Health & Safety Issues for Nephrology Nurses
Nephrology nursing can be a rewarding job. Many nephrology nurses enter the field wanting to make the process of dialysis easier for their patients and see it as an opportunity to connect on a deeper level with patients and their families. Dialysis nursing also has a predicted job growth rate of 26% over the next decade.
But dialysis nursing can be a taxing occupation. While stress and burnout are commonly identified problems, less is known about the specific health and safety challenges nephrology nurses face in their daily environment. A prospective study by the Saudi Center for Organ Transplantation found that hemodialysis nurses experienced a mild level of stress and a moderate level of burnout. Malfunctioning machines were a top stressor.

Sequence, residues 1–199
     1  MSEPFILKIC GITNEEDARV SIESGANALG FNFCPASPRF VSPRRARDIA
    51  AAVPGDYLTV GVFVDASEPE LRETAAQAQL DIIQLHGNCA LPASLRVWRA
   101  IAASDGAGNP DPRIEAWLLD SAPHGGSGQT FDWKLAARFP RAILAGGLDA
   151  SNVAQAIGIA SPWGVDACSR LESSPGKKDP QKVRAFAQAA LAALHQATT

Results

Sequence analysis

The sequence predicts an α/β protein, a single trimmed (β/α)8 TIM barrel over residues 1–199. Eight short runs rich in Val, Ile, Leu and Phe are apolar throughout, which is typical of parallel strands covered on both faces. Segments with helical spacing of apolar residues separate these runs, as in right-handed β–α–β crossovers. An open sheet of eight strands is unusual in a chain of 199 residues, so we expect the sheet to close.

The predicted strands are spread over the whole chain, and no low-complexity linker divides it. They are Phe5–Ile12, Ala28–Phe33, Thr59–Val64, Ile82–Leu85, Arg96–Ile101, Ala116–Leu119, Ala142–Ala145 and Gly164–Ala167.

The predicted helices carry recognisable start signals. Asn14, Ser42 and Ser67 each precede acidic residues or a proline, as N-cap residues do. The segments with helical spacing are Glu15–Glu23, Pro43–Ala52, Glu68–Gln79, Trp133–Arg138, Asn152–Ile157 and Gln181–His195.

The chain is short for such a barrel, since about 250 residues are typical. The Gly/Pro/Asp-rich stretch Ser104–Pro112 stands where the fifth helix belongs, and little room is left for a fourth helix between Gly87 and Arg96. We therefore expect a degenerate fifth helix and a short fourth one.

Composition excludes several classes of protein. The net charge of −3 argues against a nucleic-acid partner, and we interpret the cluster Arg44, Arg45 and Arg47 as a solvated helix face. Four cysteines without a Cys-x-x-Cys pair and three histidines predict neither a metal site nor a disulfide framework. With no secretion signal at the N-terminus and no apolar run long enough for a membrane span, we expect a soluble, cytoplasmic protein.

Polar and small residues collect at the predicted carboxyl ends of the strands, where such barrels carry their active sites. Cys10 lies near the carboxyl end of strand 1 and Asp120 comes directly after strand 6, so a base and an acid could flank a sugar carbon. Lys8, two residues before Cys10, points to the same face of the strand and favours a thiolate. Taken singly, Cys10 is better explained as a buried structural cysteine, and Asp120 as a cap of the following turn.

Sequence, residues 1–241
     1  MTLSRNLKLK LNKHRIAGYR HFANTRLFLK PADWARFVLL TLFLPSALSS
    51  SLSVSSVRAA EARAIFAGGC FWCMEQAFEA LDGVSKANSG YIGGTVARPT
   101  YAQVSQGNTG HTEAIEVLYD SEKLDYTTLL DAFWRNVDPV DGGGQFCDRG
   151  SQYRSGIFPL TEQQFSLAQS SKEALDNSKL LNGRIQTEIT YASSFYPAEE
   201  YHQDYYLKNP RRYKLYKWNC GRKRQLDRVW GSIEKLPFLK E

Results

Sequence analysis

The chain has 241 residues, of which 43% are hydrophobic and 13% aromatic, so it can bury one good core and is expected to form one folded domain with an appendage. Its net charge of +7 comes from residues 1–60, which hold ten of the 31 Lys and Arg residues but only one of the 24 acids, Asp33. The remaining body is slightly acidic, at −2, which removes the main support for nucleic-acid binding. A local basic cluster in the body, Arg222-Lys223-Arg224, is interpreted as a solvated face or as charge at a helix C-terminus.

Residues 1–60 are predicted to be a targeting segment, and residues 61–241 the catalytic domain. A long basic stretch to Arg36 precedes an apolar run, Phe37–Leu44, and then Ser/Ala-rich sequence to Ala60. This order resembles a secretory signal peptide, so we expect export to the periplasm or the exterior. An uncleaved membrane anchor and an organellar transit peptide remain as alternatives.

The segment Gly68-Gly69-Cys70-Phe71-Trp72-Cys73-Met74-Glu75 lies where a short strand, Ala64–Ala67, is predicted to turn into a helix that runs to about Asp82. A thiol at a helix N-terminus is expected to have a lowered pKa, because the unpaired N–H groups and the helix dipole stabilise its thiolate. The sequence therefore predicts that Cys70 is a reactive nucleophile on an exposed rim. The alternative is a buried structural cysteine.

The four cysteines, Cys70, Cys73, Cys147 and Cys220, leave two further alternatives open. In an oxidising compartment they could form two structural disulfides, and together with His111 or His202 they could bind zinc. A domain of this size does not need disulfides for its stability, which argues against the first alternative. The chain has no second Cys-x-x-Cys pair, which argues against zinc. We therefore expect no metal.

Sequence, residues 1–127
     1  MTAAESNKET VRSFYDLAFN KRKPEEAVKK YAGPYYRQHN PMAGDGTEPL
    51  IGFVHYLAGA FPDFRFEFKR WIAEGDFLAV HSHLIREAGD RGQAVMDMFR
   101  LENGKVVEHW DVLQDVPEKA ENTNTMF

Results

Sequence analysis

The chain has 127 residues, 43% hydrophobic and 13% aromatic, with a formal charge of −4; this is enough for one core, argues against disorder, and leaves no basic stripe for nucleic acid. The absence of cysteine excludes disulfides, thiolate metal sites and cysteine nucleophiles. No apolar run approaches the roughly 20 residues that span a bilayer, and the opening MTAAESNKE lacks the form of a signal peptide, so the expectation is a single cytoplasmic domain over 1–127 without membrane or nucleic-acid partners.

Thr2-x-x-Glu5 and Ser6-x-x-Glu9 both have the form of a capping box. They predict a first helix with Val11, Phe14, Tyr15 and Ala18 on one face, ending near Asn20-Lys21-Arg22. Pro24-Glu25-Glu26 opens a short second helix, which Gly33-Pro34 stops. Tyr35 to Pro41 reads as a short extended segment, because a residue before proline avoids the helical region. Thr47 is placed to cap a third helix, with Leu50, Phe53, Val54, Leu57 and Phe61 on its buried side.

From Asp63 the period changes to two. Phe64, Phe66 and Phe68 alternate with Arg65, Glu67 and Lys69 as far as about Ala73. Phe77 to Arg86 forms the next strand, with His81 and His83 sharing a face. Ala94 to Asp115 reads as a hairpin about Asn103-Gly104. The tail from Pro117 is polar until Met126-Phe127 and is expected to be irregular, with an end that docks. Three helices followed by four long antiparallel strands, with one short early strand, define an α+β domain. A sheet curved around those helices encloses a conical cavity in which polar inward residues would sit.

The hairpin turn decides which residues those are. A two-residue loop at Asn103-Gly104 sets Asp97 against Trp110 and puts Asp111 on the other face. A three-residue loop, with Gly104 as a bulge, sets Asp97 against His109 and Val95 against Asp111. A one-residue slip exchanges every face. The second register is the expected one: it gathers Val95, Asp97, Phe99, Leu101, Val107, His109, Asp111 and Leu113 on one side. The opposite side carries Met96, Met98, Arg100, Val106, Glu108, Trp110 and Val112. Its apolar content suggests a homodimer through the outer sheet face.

When looking the general nursing profession, a 2013-2014 executive report from the American Nurses Association cited workplace stress as a top health and safety issue for nurses, along with lifting heavy objects and prolonged standing:
The report found that even positive situations like a patient surviving despite the odds or a promotion contributed to stress levels.
ANNA and NNI released a national survey-based study last year in hopes of determining more specific strategies to address the health and safety risks of nephrology nurses. In the meantime, dialysis nurses can prevent work-related stress by developing healthy habits in the workplace and at home. One of the most effective approaches is to learn how to compartmentalize:
Another powerful way to fight stress is by developing emergency copy strategies. Here are some helpful examples: